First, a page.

"Me neither," T-Spoon said. "You say that to say what?"
"I don't know," I said. "I mean, if you're content with being stuck in the Town your whole life, then I guess that's cool for you. But I just feel like there's got to be something else out here for me. It's time for me to see some new shit."
"I can dig it," Todd said, reaching for the blunt. "I don't know about y'all, but I'm gone."
"You too?" T-Spoon asked.
"Your boy got accepted to Crampton last week," Todd said.
"I'm outta here."
"I applied there too," I said.
"How come you didn't get in?" T-Spoon asked.
"Probably because he waited until the very last second to send in his application," Todd said. "You know J.D. is good for waiting to do everything."
"Hey, you know I do my best work with my back against the wall," I said.
"I don't know about all that," T-Spoon said between laughs.
"I still remember the first time me and my mom came by your crib to pick you up for our first football game."
"Ahh, shit, here you go," I said.
"We were already running hella late," T-Spoon continued.
"And when we got there, he was just waking up, trying to figure out how to put his pads in his pants. He tried to grab all of his stuff and rush out of the house. But he forgot to bring "
"One cleat and one thigh pad," I said, cutting him off.
"Hold on," Todd said, laughing even harder. "I remember that game. You forgot your helmet too, nigga."
"You sure did," T-Spoon said. "Man, we had some fun growing up. I can't believe y'all are talking about bouncing. Where is Crampton anyway?"
"It's an historically black college in Virginia," Todd said.
"Now, that's what's crackin'!" I said.
"I don't know nothin' about no historically black college," T-Spoon said, picking up the fifth of Hen, leaning his head back and downing the last couple of swigs. "But there's some historically fat asses in that party downstairs. I don't know about y'all, but I'm tryin' to get behind one of 'em."
"I'm feeling that," Todd said as he held the dwindling remains of the blunt in between his fingers, trying to get one last pull. "Ah, I almost burnt my finger trying to smoke with y'all. C'mon, blood." He grabbed me by my shoulder. "Don't even trip on that school shit. You'll be straight."
"Oh yeah, blood, I almost forgot," T-Spoon said, stumbling back into the kitchen. "When you get into that real college and you will be getting in do something I never did."
"What's that?" I asked.
"Don't bullshit, man. Take it serious. Finish."
"If I get in, I got you," I said.
"You mean, when you get in, right?" Todd asked.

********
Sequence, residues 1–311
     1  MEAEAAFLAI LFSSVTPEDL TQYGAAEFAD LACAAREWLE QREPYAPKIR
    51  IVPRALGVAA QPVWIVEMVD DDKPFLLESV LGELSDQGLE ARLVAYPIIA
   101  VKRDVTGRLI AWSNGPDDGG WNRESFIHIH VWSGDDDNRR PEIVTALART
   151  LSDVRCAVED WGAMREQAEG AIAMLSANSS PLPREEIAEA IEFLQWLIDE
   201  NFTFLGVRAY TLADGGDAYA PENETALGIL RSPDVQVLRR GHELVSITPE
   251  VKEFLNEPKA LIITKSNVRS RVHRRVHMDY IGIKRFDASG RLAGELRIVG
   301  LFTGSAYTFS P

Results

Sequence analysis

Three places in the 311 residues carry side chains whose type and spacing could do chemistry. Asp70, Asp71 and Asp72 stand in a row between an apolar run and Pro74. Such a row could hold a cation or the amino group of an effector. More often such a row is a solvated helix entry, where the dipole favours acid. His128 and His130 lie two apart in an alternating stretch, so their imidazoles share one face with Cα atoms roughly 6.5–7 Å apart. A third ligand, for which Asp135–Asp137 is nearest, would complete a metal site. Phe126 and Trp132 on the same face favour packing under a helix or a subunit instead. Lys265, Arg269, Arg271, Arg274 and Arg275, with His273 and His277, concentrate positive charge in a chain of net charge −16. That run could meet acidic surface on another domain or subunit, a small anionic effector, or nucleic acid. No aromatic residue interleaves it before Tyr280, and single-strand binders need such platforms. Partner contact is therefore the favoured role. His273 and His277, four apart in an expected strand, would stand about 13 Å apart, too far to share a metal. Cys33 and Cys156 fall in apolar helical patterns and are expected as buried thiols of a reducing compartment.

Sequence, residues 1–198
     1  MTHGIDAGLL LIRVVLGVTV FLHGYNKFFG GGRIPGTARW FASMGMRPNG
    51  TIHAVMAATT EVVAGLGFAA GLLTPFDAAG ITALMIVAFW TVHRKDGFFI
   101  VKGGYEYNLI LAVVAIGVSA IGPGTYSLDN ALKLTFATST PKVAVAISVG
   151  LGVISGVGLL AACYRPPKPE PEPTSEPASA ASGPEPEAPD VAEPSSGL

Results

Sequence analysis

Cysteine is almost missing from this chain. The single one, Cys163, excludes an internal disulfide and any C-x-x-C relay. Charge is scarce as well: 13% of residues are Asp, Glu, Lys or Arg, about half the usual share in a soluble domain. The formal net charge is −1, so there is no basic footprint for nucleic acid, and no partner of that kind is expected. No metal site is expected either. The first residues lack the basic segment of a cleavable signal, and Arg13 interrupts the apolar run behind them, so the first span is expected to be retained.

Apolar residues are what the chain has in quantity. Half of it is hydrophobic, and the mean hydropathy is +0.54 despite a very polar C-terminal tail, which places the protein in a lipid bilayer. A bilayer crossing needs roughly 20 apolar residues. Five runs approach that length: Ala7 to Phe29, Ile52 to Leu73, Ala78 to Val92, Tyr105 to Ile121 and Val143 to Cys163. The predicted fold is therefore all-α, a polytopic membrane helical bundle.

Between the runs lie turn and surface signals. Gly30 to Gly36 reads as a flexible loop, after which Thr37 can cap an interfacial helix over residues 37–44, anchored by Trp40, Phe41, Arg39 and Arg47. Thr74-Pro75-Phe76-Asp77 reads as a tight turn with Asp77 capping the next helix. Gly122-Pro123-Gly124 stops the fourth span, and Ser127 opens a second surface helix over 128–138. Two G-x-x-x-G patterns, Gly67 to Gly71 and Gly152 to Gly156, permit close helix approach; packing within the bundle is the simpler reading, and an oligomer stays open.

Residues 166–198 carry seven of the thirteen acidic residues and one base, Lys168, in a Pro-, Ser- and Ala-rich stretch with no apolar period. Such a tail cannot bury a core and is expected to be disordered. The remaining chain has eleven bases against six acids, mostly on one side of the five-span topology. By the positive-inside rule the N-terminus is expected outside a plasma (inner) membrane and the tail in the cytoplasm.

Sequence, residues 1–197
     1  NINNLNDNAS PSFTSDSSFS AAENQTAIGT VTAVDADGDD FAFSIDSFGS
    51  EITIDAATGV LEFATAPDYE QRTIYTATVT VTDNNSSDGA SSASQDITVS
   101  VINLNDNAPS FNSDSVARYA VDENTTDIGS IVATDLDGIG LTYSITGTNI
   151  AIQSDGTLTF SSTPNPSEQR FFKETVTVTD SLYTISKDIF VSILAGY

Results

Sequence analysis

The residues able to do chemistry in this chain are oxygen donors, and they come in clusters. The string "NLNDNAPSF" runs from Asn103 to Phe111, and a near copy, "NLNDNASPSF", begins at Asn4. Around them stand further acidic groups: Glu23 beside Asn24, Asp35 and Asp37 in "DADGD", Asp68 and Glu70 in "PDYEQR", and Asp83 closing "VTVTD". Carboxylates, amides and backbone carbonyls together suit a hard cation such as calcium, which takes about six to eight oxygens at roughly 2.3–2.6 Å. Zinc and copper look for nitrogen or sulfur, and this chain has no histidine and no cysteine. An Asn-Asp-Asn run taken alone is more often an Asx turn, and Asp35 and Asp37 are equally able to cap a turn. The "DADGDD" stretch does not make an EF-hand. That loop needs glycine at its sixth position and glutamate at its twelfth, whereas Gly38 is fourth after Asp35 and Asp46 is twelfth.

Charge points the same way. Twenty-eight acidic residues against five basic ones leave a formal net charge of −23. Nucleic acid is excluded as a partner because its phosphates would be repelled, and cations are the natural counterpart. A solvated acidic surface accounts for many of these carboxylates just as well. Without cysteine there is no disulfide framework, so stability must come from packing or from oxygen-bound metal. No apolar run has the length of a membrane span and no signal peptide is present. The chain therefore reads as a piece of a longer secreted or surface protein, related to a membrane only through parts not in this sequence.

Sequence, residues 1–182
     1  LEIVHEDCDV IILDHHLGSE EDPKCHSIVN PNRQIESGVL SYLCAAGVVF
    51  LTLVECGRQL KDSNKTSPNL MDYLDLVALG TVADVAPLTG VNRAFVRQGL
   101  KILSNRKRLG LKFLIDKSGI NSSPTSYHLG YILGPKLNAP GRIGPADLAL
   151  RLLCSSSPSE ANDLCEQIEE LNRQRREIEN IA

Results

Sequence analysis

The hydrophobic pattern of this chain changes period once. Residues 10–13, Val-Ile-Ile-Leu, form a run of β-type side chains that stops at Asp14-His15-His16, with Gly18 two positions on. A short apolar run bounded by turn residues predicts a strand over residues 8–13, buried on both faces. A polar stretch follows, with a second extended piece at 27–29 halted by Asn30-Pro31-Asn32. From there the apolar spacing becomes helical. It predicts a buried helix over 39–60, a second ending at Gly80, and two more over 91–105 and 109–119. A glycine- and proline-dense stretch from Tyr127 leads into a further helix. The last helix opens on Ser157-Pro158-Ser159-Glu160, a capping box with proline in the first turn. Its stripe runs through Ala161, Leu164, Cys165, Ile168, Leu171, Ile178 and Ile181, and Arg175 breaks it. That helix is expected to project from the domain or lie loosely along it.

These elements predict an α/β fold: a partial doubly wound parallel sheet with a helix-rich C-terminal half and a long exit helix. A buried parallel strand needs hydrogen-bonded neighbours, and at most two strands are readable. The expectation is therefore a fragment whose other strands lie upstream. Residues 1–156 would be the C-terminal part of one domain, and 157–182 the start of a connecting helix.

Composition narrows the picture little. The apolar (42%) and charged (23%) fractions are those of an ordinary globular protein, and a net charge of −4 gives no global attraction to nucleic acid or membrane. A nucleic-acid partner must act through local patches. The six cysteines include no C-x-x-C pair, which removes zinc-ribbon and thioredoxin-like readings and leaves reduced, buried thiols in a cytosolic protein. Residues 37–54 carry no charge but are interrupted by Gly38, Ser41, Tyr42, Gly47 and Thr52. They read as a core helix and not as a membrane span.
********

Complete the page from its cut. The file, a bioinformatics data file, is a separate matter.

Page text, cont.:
"Yeah, blood," I said, still sounding unsure. "When I get in."
The floor was sticky and the walls were dripping with perspiration. The small red lightbulb hanging from the ceiling vibrated with every thud of the bass. Smoke clouded the room, Girls were bent over with hands on their knees, backing it up on guys who stood their ground behind them, bouncing to the beat while holding their hands high in the air, as if they were being robbed. The shoulder-to-shoulder crowd had to have exceeded fire code regulations hours ago, but no one cared. What was supposed to be an invitation-only, postgraduation get-together in my homeboy Jerrell's basement had turned into the most crackin' party of the year. It was almost too good to be true. Parties in Oakland never lasted long. I was just waiting for a fight to break out, or the rollers to swing through and shut the joint down.
It didn't take long for my intuition to materialize.
Just when I spotted my girlfriend, Keisha, in the mix, and was on my way to dance with her, some stocky, dark-skinned dude with dreads, trying to smoke a blunt and get low at the same time, accidentally bumped into me while he was dancing, charring the sleeve of my fresh white T with the ashes. Obviously he was too drunk to know that he'd almost burned a hole through my shirt, so I let it slide. But when he stumbled on T-Spoon's brand-new white-on-white Air Force Ones, I knew he'd gone too far. Within seconds, T-Spoon, who'd probably had one too many himself, pushed the guy so hard he tripped over someone else and fell flat on his back. If the fall wasn't embarrassing enough, everyone in the party laughed so loud they drowned out Tupac's "Ambitionz of a Ridah" blaring through the speakers. T-Spoon, wearing a drunken grin from ear to ear, bent down, picked the guy's blunt up off the floor, took a puff and waved it high in the air.
"This fool is crazy, blood," Todd said, laughing.
"I could've told you that," I said as I downed the last of my Hennessey.
Suddenly, a shot rang out, shattering the lightbulb dangling overhead. Complete darkness sent a chill through the room. It resumed with three more shots, aimed in my direction. I felt the second shot drill a hole through the wall just beside me, and grabbed my ear in agony as the third bullet whistled by. After the last shot, I heard a groan, then felt a hand try to grasp my shoulder, only to slide away limply. the floor, landing at my feet. In the midst of the stampede for the stairs, I could hear loud cries and shrieks echoing from the stairwell. But I just crouched down, holding my boy T-Spoon, in silence.